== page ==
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Recognising the role of sponge mucus production in explaining Darwin’s coral reef paradox

  • Full or part time
  • Application Deadline
    Saturday, October 19, 2019
  • Competition Funded PhD Project (Students Worldwide)
    Competition Funded PhD Project (Students Worldwide)

Project Description

Coral reefs are among the most productive ecosystems in the world, providing extensive ecological and economic services. However, Darwin was the first to identify an apparent paradox, how do coral reefs survive in the nutrient-poor waters of the tropics? Explaining how these oases thrive in what are essentially marine deserts has been a major focus of coral reef research for nearly 200 years, with no completely satisfying explanation. Recently, however, the “sponge loop” (SL), which demonstrates the movement of food from the water, through sponges where it is transformed, to support organisms higher up in the food chain was discovered and used to explain this paradox. The SL has been highly topical as it does not appear to occur ubiquitously across coral reefs. Furthermore, the SL may grossly underestimate the contribution of sponges to reef productivity through another important trophic pathway. Sponge mucus has recently been recognised as a major loss of carbon from some sponges. This project will explore a new model incorporating sponge mucus as a major pathway for reef carbon cycling. We will trace the flow of sponge mucus through coral reef food webs and quantify the contribution of mucus to ecosystem functioning to confirm that sponge mucus production provides a sufficient hypothesis to explain Darwin’s Paradox. The role of sponges in transforming and moving food to higher trophic levels is particularly important at present as sponges are increasing in abundance on some reefs as corals are declining in response to human-mediated impacts. We therefore need to determine if reefs with more sponges can still support fisheries and other reef functions for the 1 billion people that rely on reefs globally.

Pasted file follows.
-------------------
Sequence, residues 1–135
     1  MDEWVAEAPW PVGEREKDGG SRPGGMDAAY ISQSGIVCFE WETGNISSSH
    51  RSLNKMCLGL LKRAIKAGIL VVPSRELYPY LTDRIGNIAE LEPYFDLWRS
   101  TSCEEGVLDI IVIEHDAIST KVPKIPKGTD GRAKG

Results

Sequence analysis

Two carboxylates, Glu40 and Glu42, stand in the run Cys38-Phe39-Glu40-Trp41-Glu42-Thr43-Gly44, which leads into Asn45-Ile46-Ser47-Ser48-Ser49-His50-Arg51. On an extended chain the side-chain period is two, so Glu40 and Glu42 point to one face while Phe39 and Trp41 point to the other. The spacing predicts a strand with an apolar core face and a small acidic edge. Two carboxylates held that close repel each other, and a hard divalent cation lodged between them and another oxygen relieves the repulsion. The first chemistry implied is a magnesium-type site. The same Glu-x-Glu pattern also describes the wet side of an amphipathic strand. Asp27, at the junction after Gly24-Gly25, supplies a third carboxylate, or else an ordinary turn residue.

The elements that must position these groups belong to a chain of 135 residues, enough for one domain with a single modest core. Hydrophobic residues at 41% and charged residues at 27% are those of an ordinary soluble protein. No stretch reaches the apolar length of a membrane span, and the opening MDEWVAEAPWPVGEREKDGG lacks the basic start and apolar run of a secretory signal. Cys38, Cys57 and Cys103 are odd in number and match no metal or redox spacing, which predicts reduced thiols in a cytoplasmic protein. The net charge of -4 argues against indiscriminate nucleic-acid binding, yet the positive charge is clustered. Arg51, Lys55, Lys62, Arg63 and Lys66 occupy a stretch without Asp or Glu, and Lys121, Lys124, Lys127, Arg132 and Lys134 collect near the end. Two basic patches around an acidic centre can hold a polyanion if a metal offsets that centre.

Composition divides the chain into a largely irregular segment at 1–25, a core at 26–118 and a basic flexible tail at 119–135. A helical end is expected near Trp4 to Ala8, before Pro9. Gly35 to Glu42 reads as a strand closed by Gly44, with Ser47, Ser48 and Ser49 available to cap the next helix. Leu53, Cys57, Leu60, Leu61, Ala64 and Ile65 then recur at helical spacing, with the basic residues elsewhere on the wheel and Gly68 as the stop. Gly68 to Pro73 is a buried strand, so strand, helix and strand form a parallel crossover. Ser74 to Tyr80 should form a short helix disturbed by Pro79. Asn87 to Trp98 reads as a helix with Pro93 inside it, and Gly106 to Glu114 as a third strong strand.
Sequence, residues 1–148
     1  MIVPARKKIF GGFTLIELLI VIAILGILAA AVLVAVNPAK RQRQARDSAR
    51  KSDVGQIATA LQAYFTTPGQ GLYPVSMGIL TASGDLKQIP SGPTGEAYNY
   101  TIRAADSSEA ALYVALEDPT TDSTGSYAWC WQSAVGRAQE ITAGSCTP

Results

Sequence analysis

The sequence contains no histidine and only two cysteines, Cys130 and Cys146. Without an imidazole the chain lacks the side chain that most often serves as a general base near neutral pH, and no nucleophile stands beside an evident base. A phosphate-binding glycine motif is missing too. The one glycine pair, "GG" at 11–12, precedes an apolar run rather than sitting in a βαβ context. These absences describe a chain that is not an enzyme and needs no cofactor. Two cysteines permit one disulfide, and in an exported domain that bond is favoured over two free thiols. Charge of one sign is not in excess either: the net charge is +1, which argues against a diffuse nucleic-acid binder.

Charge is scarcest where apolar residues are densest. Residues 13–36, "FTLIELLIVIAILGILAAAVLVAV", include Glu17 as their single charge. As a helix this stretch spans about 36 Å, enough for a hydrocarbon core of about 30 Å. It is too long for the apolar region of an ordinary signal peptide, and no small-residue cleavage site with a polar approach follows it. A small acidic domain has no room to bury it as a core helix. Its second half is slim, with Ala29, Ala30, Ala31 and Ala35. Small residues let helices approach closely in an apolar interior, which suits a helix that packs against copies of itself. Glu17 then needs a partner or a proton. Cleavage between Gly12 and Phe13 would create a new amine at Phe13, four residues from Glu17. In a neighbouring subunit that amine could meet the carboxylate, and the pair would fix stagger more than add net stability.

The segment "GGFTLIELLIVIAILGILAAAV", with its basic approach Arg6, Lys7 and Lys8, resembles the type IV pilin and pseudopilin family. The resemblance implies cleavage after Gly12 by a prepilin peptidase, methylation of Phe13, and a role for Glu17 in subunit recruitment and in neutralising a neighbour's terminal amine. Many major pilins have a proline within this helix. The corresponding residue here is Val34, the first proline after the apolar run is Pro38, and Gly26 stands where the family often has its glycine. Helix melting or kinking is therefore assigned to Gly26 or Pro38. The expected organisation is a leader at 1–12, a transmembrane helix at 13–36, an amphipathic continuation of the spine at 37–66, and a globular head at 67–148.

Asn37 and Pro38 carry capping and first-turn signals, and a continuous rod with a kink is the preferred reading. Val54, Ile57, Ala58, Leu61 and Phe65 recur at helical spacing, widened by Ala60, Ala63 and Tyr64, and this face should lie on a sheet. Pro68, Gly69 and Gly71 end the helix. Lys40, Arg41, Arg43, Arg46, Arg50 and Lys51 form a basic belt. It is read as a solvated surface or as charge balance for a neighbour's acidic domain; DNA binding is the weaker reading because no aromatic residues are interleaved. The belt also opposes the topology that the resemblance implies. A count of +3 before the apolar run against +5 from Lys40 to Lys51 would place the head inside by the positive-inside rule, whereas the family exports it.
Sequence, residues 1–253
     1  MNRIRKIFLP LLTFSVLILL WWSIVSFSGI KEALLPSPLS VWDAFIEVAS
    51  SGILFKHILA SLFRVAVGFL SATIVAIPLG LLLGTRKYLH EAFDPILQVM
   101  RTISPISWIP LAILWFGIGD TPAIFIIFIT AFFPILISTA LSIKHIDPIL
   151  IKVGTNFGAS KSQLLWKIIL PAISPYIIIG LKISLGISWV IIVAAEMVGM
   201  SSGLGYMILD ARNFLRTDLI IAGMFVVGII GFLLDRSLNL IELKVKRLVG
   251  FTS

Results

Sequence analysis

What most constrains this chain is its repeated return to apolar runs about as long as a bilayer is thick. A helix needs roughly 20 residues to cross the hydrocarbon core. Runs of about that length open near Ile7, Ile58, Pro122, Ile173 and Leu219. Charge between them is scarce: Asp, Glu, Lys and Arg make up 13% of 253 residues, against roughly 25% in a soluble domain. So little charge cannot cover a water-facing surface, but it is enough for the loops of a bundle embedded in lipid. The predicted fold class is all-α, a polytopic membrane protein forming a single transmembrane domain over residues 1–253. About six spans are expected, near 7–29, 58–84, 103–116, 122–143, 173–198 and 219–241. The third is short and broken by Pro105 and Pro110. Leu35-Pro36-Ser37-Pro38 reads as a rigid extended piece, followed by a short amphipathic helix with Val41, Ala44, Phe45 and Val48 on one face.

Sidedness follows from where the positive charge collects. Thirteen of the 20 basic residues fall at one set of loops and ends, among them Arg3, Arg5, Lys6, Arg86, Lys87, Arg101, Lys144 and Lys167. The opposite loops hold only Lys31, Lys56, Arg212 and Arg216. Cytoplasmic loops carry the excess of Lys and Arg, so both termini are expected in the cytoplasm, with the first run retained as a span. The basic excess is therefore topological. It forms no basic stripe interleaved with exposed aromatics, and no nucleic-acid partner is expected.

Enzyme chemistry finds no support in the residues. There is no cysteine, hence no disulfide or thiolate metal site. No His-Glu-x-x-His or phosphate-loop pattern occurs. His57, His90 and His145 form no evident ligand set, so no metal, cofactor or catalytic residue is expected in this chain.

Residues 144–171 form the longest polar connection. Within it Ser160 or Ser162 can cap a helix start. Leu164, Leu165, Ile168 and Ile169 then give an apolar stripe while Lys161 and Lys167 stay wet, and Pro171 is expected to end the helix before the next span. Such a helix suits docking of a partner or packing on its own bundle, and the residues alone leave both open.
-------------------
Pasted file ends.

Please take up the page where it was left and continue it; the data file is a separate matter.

This project will likely include fieldwork in Australia on the Great Barrier Reef and in Indonesia in the Wakatobi Marine National Park, and although the student will be based in Wellington under the primary supervision of Professor James Bell, the project will also be supervised by Dr Nicole Webster at the Australian Institute of Marine Science, offering an amazing PhD opportunity to live in New Zealand and work in Australia and Indonesia.

The consumable and travel costs for this project are supported by grants from a number of places, with the successful student needing to apply for a Victoria University of Wellington Doctoral Scholarship (see below)

For information about the research of the supervisor see:

https://www.victoria.ac.nz/sbs/research/marine-biology-research/sponge-marine-ecology

Key attributes/skills/qualifications that are required: 1) Master’s degree or an equivalent standard (see important note below); 2) a minimum of a PADI Rescue Diver certificate with relevant diving experience (or equivalent – no exceptions); 3) IELTS overall band of 6.5, no sub-score below 6 (or equivalent, see - https://www.victoria.ac.nz/fgr/prospective-phds/qualifications-required). 4) evidence of the ability to work for extended periods in remote locations; and 5) ability to work as part of a team.

Applications in the first instance should be made directly to Prof Bell by 19th September (or sooner if possible) and must include a cover letter outlining why you want this specific PhD position, full CV, academic transcripts, an example of your scientific writing, and the names/contact details of two people who can act as academic references (there is no need to request any reference letters be sent at this initial stage). Email:

Funding Notes

IMPORTANT NOTE: It will be necessary for the PhD student to secure stipend and fees funding, which can be sought from VUW. It is also important to note that PhD fees are the same for domestic and international students in NZ, so these scholarships are open to students from all countries. While we encourage applications from all interested individuals, the VUW PhD scholarship scheme is only likely to fund students with outstanding academic records and evidence of publications. The next closing date for VUW scholarships is November 1st 2019 and assistance will be given in preparing for this deadline.

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